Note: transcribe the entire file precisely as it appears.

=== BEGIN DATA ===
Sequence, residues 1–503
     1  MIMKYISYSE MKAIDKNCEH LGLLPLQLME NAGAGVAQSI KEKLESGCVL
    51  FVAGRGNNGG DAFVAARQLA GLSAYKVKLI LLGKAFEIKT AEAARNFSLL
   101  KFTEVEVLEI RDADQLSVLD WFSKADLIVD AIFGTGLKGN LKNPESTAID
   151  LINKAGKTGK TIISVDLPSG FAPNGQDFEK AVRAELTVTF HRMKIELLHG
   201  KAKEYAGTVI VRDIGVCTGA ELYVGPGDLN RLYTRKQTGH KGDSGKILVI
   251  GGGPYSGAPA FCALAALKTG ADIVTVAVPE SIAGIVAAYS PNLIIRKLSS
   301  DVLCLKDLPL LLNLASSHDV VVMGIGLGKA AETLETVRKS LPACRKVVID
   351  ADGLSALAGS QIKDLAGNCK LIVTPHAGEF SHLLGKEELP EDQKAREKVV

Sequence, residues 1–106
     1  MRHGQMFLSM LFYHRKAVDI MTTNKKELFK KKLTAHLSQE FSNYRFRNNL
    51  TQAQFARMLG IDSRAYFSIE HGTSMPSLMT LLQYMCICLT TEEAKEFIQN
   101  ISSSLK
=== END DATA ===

Sequence, residues 1–503
     1  MIMKYISYSE MKAIDKNCEH LGLLPLQLME NAGAGVAQSI KEKLESGCVL
    51  FVAGRGNNGG DAFVAARQLA GLSAYKVKLI LLGKAFEIKT AEAARNFSLL
   101  KFTEVEVLEI RDADQLSVLD WFSKADLIVD AIFGTGLKGN LKNPESTAID
   151  LINKAGKTGK TIISVDLPSG FAPNGQDFEK AVRAELTVTF HRMKIELLHG
   201  KAKEYAGTVI VRDIGVCTGA ELYVGPGDLN RLYTRKQTGH KGDSGKILVI
   251  GGGPYSGAPA FCALAALKTG ADIVTVAVPE SIAGIVAAYS PNLIIRKLSS
   301  DVLCLKDLPL LLNLASSHDV VVMGIGLGKA AETLETVRKS LPACRKVVID
   351  ADGLSALAGS QIKDLAGNCK LIVTPHAGEF SHLLGKEELP EDQKAREKVV

Sequence, residues 1–106
     1  MRHGQMFLSM LFYHRKAVDI MTTNKKELFK KKLTAHLSQE FSNYRFRNNL
    51  TQAQFARMLG IDSRAYFSIE HGTSMPSLMT LLQYMCICLT TEEAKEFIQN
   101  ISSSLK